Ervin Announces She’ll Run for Governor

Ervin Announces She’ll Run for Governor

Former Montgomery County Council member to replace deceased running mate Kevin Kamenetz at the top of the ticket

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Valerie Ervin

Valerie Ervin is now running for governor.

The former Montgomery County Council member announced Thursday she will continue the campaign of Kevin Kamenetz, who died suddenly of cardiac arrest May 10.

Ervin, 61, filed paperwork Thursday at the Maryland Board of Elections office in Annapolis to run for governor. She selected former Baltimore County school board member Marisol Johnson as her running mate.

After Kamenetz’s death, Ervin was permitted by state law to decide whether to run for governor herself, appoint someone to run in Kamenetz’s place or discontinue the campaign.

“I’m announcing a run for Governor of Maryland because I truly believe in the vision of Kevin and I’s [sic] campaign, and I want to take it forward,” Ervin said in a statement released to press Thursday afternoon. “This campaign is about the future of Maryland. I believe in a Maryland where working families come before corporate profits, where we help every kid achieve their full potential, and we all can thrive regardless of where we were born, the color of our skin, or the size of our bank account.”

Political observers have been questioning whether Ervin can legally access the more than $2 million Kamenetz raised for his campaign before she joined his ticket in February. Ervin told The Washington Post on Thursday, “I’m getting legal advice about my options regarding the two accounts we shared and my own account. I entered his campaign apparatus, and so I would like legal counsel to guide me through the questions that need to be asked.”

As of mid-April, Ervin had about $50,000 in her own campaign account and the slate committee that she and Kamentez formed had about $1,000.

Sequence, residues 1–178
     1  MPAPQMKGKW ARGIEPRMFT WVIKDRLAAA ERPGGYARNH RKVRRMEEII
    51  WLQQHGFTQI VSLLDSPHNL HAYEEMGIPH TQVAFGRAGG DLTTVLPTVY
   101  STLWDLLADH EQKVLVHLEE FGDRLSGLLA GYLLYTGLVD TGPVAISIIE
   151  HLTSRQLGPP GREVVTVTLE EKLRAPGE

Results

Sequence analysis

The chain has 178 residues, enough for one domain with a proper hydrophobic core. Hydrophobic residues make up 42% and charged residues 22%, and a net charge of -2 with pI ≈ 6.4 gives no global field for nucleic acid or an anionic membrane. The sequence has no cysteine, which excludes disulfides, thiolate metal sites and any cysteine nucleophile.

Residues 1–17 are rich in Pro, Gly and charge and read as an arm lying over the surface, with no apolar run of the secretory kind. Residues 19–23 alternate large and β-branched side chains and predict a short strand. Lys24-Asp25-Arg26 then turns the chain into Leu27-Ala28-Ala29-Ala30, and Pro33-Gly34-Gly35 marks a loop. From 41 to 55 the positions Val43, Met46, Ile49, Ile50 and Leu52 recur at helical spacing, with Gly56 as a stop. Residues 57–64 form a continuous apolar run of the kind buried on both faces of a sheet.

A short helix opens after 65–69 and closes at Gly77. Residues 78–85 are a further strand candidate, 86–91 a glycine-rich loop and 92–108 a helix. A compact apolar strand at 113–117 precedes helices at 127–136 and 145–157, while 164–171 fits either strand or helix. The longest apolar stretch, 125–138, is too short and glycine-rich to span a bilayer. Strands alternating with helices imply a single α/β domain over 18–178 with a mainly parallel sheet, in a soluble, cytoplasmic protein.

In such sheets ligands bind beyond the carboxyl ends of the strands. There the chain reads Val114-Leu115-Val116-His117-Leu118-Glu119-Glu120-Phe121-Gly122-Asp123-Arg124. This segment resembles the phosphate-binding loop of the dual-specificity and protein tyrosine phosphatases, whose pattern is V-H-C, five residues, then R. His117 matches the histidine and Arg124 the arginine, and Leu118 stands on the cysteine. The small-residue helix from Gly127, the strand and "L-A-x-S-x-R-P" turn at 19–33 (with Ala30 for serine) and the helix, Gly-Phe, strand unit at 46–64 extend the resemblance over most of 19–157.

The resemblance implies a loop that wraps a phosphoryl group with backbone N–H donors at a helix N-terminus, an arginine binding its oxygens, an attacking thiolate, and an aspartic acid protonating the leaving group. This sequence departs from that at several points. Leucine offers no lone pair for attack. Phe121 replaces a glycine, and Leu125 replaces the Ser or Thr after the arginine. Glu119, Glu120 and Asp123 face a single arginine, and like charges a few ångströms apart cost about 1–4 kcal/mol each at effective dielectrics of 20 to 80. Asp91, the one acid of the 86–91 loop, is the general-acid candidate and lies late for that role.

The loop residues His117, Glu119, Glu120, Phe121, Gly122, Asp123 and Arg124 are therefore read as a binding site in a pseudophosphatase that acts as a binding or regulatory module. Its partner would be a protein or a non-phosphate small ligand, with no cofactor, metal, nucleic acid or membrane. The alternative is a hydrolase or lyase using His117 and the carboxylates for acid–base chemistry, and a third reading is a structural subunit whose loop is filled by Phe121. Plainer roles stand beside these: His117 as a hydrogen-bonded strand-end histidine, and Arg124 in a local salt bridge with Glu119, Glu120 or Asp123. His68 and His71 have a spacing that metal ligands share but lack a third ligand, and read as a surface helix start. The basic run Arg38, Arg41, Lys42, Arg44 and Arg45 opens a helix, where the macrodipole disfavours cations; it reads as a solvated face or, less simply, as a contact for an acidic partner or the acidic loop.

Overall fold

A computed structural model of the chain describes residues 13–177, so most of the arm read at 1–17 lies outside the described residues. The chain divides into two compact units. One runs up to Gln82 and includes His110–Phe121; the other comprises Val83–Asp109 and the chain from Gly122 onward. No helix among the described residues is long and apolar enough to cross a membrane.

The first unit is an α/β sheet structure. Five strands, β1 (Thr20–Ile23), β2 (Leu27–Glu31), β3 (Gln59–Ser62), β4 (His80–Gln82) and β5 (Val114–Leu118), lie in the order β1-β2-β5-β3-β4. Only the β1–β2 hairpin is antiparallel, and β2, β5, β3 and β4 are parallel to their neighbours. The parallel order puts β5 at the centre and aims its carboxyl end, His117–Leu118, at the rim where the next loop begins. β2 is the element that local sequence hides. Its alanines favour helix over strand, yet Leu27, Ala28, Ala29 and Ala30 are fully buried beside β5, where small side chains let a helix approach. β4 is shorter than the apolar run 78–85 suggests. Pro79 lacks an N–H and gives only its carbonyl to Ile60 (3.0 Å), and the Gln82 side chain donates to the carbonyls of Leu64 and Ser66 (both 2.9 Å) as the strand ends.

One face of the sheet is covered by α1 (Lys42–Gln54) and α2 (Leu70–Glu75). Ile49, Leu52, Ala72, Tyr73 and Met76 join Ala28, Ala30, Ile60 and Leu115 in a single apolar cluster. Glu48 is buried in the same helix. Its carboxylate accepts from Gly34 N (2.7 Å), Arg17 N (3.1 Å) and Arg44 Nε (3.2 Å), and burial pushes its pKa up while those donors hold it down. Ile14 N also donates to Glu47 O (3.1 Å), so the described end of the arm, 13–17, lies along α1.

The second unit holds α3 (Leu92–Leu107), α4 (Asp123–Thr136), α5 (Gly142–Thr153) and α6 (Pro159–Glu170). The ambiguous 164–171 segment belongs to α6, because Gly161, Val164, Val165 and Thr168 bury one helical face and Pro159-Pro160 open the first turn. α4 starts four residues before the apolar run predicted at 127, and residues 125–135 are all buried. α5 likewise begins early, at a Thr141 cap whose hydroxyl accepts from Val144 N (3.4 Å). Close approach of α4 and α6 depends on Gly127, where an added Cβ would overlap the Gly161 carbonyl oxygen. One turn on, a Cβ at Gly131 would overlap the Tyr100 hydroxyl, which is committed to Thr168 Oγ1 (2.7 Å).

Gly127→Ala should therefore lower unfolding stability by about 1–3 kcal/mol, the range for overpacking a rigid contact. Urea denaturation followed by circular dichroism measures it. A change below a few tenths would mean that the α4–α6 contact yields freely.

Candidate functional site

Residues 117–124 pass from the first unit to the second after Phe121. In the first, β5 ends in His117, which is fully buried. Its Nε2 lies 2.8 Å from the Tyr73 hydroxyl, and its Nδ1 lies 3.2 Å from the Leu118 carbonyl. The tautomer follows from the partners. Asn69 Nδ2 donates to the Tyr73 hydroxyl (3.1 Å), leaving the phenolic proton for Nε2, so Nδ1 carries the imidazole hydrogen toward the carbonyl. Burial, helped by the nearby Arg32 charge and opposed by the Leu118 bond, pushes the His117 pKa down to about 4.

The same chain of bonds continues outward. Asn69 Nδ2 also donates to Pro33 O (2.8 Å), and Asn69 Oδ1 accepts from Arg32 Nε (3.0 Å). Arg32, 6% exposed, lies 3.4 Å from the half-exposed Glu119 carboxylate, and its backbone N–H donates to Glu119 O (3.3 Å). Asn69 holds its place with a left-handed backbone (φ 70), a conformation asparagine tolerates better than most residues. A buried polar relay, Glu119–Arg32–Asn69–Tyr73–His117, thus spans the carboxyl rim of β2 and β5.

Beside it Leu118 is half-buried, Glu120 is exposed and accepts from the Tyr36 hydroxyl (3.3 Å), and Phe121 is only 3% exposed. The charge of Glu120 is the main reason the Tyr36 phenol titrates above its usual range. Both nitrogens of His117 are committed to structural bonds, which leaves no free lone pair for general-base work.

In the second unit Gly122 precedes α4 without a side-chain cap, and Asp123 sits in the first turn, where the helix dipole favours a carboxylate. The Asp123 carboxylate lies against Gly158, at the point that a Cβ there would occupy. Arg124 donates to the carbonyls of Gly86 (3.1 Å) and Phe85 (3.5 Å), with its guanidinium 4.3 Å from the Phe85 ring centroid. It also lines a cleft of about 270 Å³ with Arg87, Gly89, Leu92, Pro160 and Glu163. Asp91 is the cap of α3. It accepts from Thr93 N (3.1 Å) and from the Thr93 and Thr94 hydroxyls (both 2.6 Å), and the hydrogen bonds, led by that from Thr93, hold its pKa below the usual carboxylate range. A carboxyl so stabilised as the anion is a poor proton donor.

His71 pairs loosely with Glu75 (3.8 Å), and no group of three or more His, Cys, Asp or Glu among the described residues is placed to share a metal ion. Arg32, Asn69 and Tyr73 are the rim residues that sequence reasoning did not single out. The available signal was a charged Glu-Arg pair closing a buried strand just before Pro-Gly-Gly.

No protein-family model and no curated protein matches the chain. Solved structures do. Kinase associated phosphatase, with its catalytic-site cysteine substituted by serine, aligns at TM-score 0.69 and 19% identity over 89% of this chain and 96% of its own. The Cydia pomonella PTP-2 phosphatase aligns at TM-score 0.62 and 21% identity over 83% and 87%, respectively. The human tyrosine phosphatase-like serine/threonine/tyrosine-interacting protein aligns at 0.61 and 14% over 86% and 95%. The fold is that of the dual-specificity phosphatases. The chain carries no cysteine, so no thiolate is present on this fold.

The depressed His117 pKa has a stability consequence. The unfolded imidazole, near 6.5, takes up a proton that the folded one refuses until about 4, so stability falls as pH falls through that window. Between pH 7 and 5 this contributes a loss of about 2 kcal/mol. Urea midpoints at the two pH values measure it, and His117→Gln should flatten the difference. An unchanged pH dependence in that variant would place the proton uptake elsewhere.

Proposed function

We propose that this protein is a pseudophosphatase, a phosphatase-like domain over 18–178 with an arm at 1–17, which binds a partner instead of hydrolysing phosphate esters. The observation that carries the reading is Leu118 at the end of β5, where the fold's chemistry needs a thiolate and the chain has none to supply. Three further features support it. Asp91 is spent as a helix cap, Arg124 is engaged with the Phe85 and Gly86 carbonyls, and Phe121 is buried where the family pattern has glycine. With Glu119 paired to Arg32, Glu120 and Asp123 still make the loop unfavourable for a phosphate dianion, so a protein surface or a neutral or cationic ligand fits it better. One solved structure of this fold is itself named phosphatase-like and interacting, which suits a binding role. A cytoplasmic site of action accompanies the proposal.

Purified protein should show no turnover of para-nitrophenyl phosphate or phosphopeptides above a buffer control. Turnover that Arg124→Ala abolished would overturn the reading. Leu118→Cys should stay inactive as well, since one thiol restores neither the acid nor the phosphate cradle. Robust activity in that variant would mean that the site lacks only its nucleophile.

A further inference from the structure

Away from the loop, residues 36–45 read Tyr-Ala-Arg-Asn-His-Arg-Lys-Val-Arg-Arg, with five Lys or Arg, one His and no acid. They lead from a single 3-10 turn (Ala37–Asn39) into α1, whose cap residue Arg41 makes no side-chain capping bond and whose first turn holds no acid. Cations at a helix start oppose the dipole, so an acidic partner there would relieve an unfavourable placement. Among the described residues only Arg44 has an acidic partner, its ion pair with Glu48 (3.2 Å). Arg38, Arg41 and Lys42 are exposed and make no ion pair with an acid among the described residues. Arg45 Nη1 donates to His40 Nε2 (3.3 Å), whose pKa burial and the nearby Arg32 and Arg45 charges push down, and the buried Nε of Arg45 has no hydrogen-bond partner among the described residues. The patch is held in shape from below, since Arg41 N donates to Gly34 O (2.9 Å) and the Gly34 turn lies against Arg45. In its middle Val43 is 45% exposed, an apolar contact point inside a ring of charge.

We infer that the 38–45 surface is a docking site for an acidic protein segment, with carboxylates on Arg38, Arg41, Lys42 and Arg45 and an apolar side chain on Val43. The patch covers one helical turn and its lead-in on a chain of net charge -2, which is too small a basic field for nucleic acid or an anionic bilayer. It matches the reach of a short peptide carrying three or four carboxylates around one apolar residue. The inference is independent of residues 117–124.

However, Jared DeMarinis, director of the state Board of Election’s campaign finance division, told Bethesda Beat last week that Kamenetz's campaign funds couldn't be transferred directly to another candidate. That money, which becomes “surplus funds,” could be donated to charity, or a local or state Democratic central committee, according to DeMarinis.

In 2015, Ervin dropped out of the race for the 8th Congressional District seat, saying at the time she wasn’t able to raise enough money “to compete on a level playing field” with the other candidates in the race, which was ultimately won by Jamie Raskin of Takoma Park.

Prior to joining Kamenetz’s campaign, Ervin was executive director at the New York-based Center for Working Families.

Ervin served one and three quarters terms as a council member representing Silver Spring-based District 5 before she resigned in 2013 to take the position with the Center for Working Families. She also served on the Montgomery County Board of Education from 2004 to 2006.

Ervin joins a crowded field vying to win the Democratic nomination. Other candidates are state Sen. Rich Madaleno (D-Kensington), Prince George’s County Executive Rushern Baker, former Michelle Obama adviser Krishanti Vignarajah, former NAACP President Ben Jealous, tech entrepreneur Alec Ross and Baltimore attorney James Shea.

Editor's note: The initial version of this story said Ervin previously ran for the 6th Congressional District. It was in fact the 8th Congressional District in Maryland. The line has been corrected.

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